Concerned About Constant Media Use? ~ Media Talk 101 #Review
I’m already not your typical parent with regards to media; I turned the TV service off in our house over a decade ago when I realized that I was paying $40 a month for perhaps a nickel’s worth of shows I was willing to let my children watch. We went cold-turkey – the TV went off and stayed off that entire summer, without even the occasional movies and video games I’d eventually permit. I’d been strict with the TV as it was, it didn’t go on without my explicit permission, but there was still a week or two of pouting and asking. But after that, it was no big deal; it’s just the way we do things.
I haven’t been a fan of TV, “sitting and staring at the stupid box”, since I was in middle school, though I do enjoy non-violent games myself – because they require thought and active participation. So when we received the Captivated DVD from Media Talk 101 recently to review, I figured it would be sort of like preaching to the choir – that there wouldn’t be anything new or life-changing for us.
In some ways, that’s the truth. I’m not going to make any major changes in our household consumption of media as a result of viewing Captivated, primarily because of two points: I strongly believe in the value of teaching moderation in all things, and unless we run off to the wilds somewhere, media isn’t going to go away. We need to be teaching our kids to manage it appropriately, not to avoid it. And this is a position that Media Talk 101 seems to support, though there is quite a bit of discussion about breaking the “addiction” to media. (Using the word “addiction” in this manner is a bit of an irritant to me, but I’ll let it pass. I also have pretty strong opinions about addiction and willpower… and how a lack of one – or the false belief that one has it – leads to the slippery slope of the other). Second, much of what is suggested as possible solutions, we’ve already done.
The real value in Captivated, in my opinion, for those who are already living a lesser-media lifestyle, is to help clarify and reinforce WHY you are doing so… and give you the words to share that with others. Or, in the case of Captivated, a simple and concise way to simply hand someone the DVD and say, “You need to watch this”.
The greatest value, however, is to those who are feeling trapped, overwhelmed, or just plain unsatisfied with the media consumption in the lives and families. Though the Captivated movie is aimed at parents, it’s watchable by those of any age. There’s nothing here that I would consider harmful to younger children. Watching the movie together as a family is a great way to open up the lines of communication about media, and some of the statistics given are so staggering that may outright shock those who don’t think they need to make any changes into doing so. (Seriously, if teens are averaging those kind of texting numbers, and mine aren’t, that must mean the curve is pretty darn huge.)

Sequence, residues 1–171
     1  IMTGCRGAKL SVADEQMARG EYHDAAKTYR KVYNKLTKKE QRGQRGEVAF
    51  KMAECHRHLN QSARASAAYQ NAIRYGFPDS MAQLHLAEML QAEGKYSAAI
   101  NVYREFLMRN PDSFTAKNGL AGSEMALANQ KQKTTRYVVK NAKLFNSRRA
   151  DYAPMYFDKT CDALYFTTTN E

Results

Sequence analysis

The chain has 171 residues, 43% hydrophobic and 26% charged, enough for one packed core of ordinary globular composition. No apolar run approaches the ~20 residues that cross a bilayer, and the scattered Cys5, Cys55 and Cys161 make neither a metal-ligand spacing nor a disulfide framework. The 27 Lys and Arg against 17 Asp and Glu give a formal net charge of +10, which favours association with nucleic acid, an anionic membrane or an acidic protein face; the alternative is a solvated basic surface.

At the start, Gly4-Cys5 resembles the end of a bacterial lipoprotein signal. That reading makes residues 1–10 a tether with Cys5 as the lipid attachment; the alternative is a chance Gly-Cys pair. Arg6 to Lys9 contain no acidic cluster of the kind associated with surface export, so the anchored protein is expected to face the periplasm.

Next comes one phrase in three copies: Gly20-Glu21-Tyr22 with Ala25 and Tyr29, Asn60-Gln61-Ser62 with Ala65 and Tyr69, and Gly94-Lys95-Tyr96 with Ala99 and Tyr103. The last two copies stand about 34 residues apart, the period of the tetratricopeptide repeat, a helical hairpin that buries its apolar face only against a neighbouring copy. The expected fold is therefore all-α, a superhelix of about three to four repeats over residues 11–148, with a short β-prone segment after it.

The kids, however, were a bit more skeptical than I was. Their first concern was that it meant I was going to further restrict TV and computer use, which they’re well aware is something I’m constantly considering and known to somewhat randomly (in their opinion) inflict if I feel the need. For us, since so much of our schooling is done on the computer these days, it’s not really practical to restrict the computers or their usage more than they already are. It’s also not unusual for the kids and I to go a week or two without turning the television on, with the exception of school stuff. (Now, if I could get the guy to watch this movie and try it, I’d be in heaven. Not sure that’s going to happen. He’s definitely in the “doesn’t think it’s a problem” camp.)
There is one slightly frustrating thing about Captivated, for me. Because it’s Christian-centric, even though the majority of the material is not explicitly Christian, it’s not really appropriate to share with those of other faiths. It’d be a turn-off, so that they’d fail to get the important parts of the message. I really wish that there was a version that presented the primary purpose of the DVD (discernment in media) in a way that was open to everyone. I’d really like to be able to recommend this to every parent – it’s that important a subject for both our individual families and society as a whole.
My absolute favorite quote?
“There’s more TVs in America than there are toilets, which should give us some indication that there’s probably more sewage coming into our homes than actually leaving it!”
The Captivated DVD is $16.95 with free shipping, or purchase two – so you can give away the second – for just $21.95.